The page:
The first-ever completed comparative clinical trial of the use of vitamin D as a colorectal cancer therapy has shown that disease progression is slowed with high-dose supplements according to lead author Kimmie Ng, MD, of the Dana Farber Cancer Institute in Boston, Massachusetts, who presented the study results at the American Society of Clinical Oncology (ASCO) 2017 Annual Meeting.1
Vitamin D is a fat-soluble vitamin that comes from dietary supplements, foods such as fortified milk and cereal, certain kinds of fish (including salmon, mackerel, and tuna), and exposure to sunlight. Vitamin D is important for bone health, and some research suggests that it may also reduce the risk of certain types of cancer. In recent years, observational data have shown that higher plasma levels of vitamin D are associated with improved survival in colorectal cancer patients.2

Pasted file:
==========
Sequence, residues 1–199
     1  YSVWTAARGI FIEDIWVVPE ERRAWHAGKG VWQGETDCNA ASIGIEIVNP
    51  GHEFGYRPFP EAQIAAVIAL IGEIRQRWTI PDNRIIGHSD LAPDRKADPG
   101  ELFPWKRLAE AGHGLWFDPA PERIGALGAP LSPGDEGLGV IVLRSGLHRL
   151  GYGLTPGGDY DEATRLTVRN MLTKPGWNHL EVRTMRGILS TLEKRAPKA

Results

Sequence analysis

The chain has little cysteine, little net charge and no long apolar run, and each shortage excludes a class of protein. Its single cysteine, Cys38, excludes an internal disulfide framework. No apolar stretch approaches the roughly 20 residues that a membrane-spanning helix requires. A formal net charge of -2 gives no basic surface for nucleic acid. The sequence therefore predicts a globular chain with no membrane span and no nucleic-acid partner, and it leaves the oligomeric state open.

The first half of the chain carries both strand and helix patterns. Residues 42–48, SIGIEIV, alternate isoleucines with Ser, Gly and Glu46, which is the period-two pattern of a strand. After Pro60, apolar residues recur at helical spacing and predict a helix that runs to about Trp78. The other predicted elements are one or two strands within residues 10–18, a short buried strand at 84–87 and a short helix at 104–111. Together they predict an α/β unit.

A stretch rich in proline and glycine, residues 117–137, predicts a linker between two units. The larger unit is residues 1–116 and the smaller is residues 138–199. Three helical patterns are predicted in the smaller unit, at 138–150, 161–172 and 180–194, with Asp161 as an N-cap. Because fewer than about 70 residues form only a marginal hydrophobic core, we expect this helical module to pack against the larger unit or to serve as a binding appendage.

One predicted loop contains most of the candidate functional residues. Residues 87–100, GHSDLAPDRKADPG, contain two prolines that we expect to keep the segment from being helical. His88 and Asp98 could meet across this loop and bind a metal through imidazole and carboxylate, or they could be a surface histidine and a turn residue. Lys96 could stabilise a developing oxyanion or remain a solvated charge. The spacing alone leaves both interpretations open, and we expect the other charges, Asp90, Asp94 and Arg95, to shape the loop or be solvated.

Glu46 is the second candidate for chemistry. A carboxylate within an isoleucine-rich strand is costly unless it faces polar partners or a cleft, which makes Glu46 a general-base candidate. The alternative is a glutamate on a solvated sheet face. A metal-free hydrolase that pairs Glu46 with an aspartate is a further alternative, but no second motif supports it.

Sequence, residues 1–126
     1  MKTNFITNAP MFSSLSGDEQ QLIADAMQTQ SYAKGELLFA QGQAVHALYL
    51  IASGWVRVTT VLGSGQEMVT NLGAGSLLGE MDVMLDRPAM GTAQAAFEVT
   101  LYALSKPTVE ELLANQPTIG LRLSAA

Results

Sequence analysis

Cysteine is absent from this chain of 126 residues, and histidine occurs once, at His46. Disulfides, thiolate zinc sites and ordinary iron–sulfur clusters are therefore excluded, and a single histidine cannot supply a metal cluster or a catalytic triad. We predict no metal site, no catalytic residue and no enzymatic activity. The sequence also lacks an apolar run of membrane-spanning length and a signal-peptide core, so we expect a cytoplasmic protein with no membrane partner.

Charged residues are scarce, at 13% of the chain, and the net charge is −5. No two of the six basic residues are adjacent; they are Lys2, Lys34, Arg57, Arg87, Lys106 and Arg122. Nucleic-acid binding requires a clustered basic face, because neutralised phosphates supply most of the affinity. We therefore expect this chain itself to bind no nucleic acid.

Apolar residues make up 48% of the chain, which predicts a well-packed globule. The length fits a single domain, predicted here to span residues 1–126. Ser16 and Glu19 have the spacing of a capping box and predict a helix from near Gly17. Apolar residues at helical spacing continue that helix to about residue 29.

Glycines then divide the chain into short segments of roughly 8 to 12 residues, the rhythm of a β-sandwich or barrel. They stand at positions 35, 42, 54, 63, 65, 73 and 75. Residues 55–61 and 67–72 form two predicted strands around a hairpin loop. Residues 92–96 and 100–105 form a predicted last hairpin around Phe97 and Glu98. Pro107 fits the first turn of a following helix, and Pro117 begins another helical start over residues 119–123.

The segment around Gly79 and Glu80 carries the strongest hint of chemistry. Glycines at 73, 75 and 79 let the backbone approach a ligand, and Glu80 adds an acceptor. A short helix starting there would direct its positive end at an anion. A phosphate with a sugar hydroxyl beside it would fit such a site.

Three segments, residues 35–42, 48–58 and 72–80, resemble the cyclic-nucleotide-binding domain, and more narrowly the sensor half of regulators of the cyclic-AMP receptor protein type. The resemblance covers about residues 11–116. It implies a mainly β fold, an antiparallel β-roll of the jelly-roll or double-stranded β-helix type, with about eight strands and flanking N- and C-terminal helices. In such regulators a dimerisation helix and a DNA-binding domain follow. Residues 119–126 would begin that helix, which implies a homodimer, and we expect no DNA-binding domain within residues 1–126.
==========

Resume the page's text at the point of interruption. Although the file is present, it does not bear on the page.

The SUNSHINE clinical trial was conducted in patients with previously untreated metastatic colorectal cancer. All participants received standard treatment with the FOLFOX chemotherapy regimen (folinic acid, fluorouracil, and oxaliplatin) plus Avastin (bevacizumab) and either a high or low dose of supplemental vitamin D.
Patients in the high-dose group received a loading dose of 8000 IU/day of vitamin D3 orally for 2 weeks followed by 4000 IU/day. Those in the low-dose group received a standard vitamin D3 dose of 400 IU/day. The higher dose of vitamin D supplementation was found to significantly improve progression-free survival (PFS) by about 2 months compared to the lower dose.
Additional Information on Vitamin D
- American Society of Clinical Oncology (ASCO) 2017 Annual Meeting. Abstract 3506. Presented June 5.
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